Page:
CHRONICLES OF A BLIND NIGERIAN (3)

After my secondary school education, I obtained the JAMB form just like any university aspirant will. My parents, siblings and other close folks, being surprised at my move, were so anxious on how I would cope in college without eye-sight.

Of course, they knew my secondary school had a special provision for the visually impaired, but according to them, they had never spotted a blind student on campus during their university days and thus, there was no way I could have delt with the stress and challenges that come with tertiary education.

In my mind, I wanted to further beyond SSCE, and contrary to the myopic dreams of many challenged students of settling with NCE, I wanted to study in the university, share the university stress with the able-bodied students and graduate with an eye-goggling result at the end of my degree programme. And since I’d heard about some blind students studying different courses like law, Mass Communication, Political science etc in the university, I knew that in spite of my folks’ doubts, I could also join in complaining about the university stress in some months to come (after passing my exam).

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As the day for the JAMB exam approached, I got more engaged with my special books. I would read read and even invite my younger sister to come help read to my ears some things which are not in the audio books. The earth continued to rotate round the sun, rotating.. rotating.. And finally, the exam day dawned.

I went to my exam centre with a friend and after a tiring quest for where the hall where I would write was situated, I finally got in and settled for the exam. Wondering how I wrote mine? One of the invigilators was reading the questions for me and I was putting my answers down with the typewriting machine I went with. The determination of scoring high didn’t allow me pay attention to the sweat crawling down my forehead as I keenly listened to every question recited. ‘I must be admitted to the university this year’, I decided.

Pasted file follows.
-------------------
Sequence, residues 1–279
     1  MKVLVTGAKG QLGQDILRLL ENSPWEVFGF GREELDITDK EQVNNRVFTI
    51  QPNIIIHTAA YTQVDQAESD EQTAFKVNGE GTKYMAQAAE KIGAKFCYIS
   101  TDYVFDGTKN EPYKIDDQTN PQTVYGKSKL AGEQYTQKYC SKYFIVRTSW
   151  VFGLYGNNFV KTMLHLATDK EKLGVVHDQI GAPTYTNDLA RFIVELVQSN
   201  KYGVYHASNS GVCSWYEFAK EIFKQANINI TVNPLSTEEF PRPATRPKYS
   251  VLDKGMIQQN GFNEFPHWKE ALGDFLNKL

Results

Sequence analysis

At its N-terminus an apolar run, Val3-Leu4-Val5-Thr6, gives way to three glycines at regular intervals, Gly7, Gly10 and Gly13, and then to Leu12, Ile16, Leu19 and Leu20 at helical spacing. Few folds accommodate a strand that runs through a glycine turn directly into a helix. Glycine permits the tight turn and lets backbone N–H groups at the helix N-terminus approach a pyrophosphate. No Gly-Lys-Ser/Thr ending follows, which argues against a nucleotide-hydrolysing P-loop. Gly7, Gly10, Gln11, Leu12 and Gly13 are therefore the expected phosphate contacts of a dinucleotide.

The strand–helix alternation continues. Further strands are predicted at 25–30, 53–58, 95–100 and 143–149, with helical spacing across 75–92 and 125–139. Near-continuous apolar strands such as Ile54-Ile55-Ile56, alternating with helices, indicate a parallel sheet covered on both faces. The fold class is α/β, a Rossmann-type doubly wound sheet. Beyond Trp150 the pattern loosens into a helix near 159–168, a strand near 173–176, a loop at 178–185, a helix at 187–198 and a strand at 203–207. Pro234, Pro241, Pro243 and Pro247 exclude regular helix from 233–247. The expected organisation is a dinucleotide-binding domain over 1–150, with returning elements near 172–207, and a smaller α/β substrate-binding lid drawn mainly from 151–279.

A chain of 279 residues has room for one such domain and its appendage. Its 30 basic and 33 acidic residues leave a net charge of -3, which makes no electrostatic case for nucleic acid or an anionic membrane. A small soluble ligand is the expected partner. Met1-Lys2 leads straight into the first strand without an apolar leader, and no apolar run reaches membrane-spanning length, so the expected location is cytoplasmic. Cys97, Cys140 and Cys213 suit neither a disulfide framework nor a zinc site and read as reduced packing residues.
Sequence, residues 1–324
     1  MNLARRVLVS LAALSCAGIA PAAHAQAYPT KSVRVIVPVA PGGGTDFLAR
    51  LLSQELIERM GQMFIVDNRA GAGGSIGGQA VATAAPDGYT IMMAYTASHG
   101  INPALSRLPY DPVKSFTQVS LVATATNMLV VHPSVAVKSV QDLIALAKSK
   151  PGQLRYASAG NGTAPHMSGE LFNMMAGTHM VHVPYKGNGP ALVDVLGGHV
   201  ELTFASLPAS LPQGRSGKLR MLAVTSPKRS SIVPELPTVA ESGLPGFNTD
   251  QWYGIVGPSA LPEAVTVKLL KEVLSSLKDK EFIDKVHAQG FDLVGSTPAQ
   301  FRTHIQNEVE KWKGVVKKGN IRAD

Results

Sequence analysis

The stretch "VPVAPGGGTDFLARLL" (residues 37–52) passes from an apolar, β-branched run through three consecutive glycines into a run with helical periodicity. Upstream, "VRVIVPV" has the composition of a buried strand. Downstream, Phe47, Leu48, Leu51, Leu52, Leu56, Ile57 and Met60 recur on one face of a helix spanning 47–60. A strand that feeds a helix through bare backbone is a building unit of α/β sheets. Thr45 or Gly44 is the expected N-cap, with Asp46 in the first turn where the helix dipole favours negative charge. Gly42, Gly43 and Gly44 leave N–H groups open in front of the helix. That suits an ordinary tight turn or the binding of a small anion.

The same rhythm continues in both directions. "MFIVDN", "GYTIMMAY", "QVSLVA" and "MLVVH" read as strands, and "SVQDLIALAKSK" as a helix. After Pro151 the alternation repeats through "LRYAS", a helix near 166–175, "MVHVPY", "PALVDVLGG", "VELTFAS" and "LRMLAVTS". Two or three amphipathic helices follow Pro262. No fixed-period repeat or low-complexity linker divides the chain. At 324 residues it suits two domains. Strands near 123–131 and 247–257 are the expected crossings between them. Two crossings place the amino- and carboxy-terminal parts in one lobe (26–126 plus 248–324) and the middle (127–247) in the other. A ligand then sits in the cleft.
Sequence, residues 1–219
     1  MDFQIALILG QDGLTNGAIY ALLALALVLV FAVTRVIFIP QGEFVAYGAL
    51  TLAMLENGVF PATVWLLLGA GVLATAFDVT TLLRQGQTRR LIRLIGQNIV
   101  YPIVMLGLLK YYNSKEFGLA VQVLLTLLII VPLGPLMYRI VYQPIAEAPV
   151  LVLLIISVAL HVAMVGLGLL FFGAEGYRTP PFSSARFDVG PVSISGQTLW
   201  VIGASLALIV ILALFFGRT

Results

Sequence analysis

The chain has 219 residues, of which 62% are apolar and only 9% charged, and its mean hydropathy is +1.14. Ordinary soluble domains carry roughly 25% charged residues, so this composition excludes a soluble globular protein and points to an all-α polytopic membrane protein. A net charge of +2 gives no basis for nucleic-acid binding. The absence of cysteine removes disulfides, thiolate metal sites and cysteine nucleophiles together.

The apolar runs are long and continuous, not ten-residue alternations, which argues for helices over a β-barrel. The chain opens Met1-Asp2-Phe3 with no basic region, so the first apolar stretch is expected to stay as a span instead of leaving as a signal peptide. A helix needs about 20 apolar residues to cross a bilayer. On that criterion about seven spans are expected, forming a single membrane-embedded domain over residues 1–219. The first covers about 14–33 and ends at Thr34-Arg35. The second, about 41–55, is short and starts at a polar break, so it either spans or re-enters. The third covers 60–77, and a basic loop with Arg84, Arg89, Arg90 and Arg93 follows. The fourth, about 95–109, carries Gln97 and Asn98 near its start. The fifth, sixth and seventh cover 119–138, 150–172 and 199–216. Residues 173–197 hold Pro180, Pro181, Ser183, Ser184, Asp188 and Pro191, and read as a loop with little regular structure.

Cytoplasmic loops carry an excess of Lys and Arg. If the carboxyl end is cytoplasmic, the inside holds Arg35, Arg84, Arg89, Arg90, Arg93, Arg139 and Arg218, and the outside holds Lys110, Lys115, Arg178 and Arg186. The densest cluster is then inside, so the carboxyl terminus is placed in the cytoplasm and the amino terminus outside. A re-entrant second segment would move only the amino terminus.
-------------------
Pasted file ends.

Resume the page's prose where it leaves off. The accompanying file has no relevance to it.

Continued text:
In a nut shell, the exam result was published after a week and I had a favourable score of 243.

Oops! I jumped up in felicity because with that, I could study at any university in Nigeria.

In as much as my parents were happy for me because of my success, however, the thought of my incapability remained indelible in their mind. ‘How will you cope Demola? They would ask me occasionally. Another turn off to them was my choice of university. As a resident of Ibadan, I was expected to choose to study at a university within Oyo state or at most, the South West region as a whole.

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But I took their surprise to the extreme when I chose a university which is a thousand of miles away from my house, University of Nigeria, Enugu state, and all their efforts to convincing me in changing my mind proved abortive.

So after reassuring them of my safety and ability to study in college regardless of eye-sight, I was eventually left to do whatever that pleased me. At the end of the admission exercise at my chosen university, my dream of being a university student turned reality and just so you know, it is from the university, UNN, that I’m writing this article.

Anyway, the afore narrated stories as contained in the previous episodes of this series and partly in this episode was just to give an insight of how I lost my sight, how I started another life in the blind world and where I am presently.

Having got the gist, I’m gonna be sharing my personal experiences, that of some other blind folks and also enlighten you on the things we, the blind’ do, correct the misconceptions you harbour about the blind, entertain you poetically on blind related matters and above all, inspire you through our super stories.

Gone are the days when the blind are strictly natives of the street, begging for arms with those pathetic songs which will draw some coins persuasively from pedestrians’ pockets. Oh no, we are now in schools and vocational centres,

we are now armed with the personality to command respect in the society, we are now dreams achievers and goal getters, we are now found on various online & offline platforms sharing our tales with a good mastery of English language.

Yes! I am blind, but I’ve got the brightest vision..

Gone are the days when the blind are strictly natives of the street, begging for arms with those pathetic songs which will draw some coins persuasively from pedestrians’ pockets. Oh no, we are now in schools and vocational centres,

we are now armed with the personality to command respect in the society, we are now dreams achievers and goal getters, we are now found on various online & offline platforms sharing our tales with a good mastery of English language.

For any enquiries, you can reach me on 08034449693 or seedemmy@gmail.com.

I lovy lovy you.. #to be continued..

 

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